While the emerging digital environment offers new opportunities for journalists to investigate and report information in the public interest, it also poses particular challenges regarding privacy, access to information, source protection, freedom of expression and participation. In this emerging digital environment, UNESCO believes that all stakeholders – including individual users, companies and governments, as well as journalists and media development stakeholders – should take part in the framing of values and norms that could apply to all and be a positive force in shaping Internet development.
In this context, UNESCO launched last April, in partnership with the Association for Progressive Communication, the project called “Defining Internet Universality Indicators”. The outcome of this project will include both quantitative and qualitative indicators, enabling a comprehensive view of national Internet developments, as well as recognizing the different experiences and characteristics between countries.
The indicators will be based on the concept of “Internet Universality” which was adopted to highlight features on the Internet that are crucial to fulfill its potential towards sustainable development. The concept of Internet Universality points the ‘fundamental norms that have been embodied in the broad evolution of the Internet to date, and which provide a comprehensive way to understand how multiple different aspects are part of a wider whole.’ These norms – known for short as the ROAM principles – are the guiding framework that promotes an Internet based on five categories:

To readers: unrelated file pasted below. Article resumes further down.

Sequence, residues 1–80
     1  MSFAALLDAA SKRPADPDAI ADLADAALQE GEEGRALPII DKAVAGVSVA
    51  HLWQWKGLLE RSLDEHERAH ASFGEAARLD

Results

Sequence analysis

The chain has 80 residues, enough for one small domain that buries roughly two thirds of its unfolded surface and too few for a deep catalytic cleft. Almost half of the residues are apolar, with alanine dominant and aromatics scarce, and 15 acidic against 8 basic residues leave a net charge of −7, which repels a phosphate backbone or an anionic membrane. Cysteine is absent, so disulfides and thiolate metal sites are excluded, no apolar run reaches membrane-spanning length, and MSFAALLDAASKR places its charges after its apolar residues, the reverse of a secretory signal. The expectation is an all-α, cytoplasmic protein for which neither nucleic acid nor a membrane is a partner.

The project aims to elaborate appropriate Internet indicators, which can serve to enrich the stakeholders’ capacity for assessing Internet development, broaden international consensus, and foster online democracy and human rights towards knowledge societies engaged in sustainable development. These indicators will help governments and other stakeholders to assess their own national Internet environments and promote the values associated with Internet Universality. Special attention will be paid to gender and to the needs and interests of children and young people.
Consultation with stakeholders play a central part in developing the indicator framework. The first phase of consultation, from May to October 2017, is concerned with broad principles, priorities and ideas that should be included for the framework as a whole. The second phase, from November 2017 to March 2018, will be concerned with specific draft indicators.
UNESCO now needs your input! If you are a reporter, a media researcher, if you belong to the media development community, or if you are interested in issues related to Internet and technology developments, your experiences and knowledge on source protection, online privacy or access to new technologies need to be reflected in the Internet Universality indicators. The questionnaire takes about 20 minutes and can be filled in any of the six UN official languages (Arabic, Chinese, English, French, Russian, Spanish). The deadline for submitting is set on Tuesday, 31 October. The online consultation platform can be found at: https://en.unesco.org/internetuniversality. If you have any questions about this initiative, please send an email to Internetstudy@unesco.org.
Ms Xianhong Hu has been the program specialist at Division of Freedom of Expression and Media Development, Communication and Information Sector of UNESCO Headquarter in Paris since 2006. Her main responsibilities are in the areas of freedom of expression online and offline, Internet privacy, media development and Internet governance and she has followed the process of the World Summit of the Information Society (WSIS) and Internet Governance Forum (IGF). She was involved in developing UNESCO Internet Universality framework and the strategic study Keystones to foster inclusive Knowledge Societies: Access to information and knowledge, freedom of expression, privacy and ethics on a global Internet .” She is managing UNESCO ongoing project